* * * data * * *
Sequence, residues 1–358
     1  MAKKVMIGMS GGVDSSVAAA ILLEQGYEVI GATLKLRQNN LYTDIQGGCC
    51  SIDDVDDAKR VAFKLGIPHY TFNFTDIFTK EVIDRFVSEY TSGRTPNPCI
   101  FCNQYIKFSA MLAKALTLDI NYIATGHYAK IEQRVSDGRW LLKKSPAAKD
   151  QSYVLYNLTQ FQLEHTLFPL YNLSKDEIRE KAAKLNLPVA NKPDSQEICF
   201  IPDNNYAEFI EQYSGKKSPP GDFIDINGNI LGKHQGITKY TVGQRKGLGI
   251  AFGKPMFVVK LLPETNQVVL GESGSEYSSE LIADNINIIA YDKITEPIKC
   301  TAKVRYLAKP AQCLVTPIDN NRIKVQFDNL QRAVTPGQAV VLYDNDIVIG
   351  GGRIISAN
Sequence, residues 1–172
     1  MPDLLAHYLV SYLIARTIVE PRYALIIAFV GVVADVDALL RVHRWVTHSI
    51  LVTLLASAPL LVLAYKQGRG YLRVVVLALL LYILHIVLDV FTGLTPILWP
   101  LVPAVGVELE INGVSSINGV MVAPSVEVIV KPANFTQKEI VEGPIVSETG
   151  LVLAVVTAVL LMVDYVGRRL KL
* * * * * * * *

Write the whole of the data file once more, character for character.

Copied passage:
Sequence, residues 1–358
     1  MAKKVMIGMS GGVDSSVAAA ILLEQGYEVI GATLKLRQNN LYTDIQGGCC
    51  SIDDVDDAKR VAFKLGIPHY TFNFTDIFTK EVIDRFVSEY TSGRTPNPCI
   101  FCNQYIKFSA MLAKALTLDI NYIATGHYAK IEQRVSDGRW LLKKSPAAKD
   151  QSYVLYNLTQ FQLEHTLFPL YNLSKDEIRE KAAKLNLPVA NKPDSQEICF
   201  IPDNNYAEFI EQYSGKKSPP GDFIDINGNI LGKHQGITKY TVGQRKGLGI
   251  AFGKPMFVVK LLPETNQVVL GESGSEYSSE LIADNINIIA YDKITEPIKC
   301  TAKVRYLAKP AQCLVTPIDN NRIKVQFDNL QRAVTPGQAV VLYDNDIVIG
   351  GGRIISAN
Sequence, residues 1–172
     1  MPDLLAHYLV SYLIARTIVE PRYALIIAFV GVVADVDALL RVHRWVTHSI
    51  LVTLLASAPL LVLAYKQGRG YLRVVVLALL LYILHIVLDV FTGLTPILWP
   101  LVPAVGVELE INGVSSINGV MVAPSVEVIV KPANFTQKEI VEGPIVSETG
   151  LVLAVVTAVL LMVDYVGRRL KL